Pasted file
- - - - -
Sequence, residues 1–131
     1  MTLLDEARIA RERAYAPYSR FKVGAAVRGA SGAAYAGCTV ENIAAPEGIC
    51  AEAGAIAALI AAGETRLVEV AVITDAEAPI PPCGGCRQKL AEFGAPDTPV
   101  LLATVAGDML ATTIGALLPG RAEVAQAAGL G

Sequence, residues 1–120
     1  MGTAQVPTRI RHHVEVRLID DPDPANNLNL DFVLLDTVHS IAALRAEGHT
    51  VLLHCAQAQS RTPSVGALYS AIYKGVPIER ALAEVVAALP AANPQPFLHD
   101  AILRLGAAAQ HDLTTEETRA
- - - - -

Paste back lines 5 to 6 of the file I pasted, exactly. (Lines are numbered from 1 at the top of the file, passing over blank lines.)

Sequence, residues 1–120
     1  MGTAQVPTRI RHHVEVRLID DPDPANNLNL DFVLLDTVHS IAALRAEGHT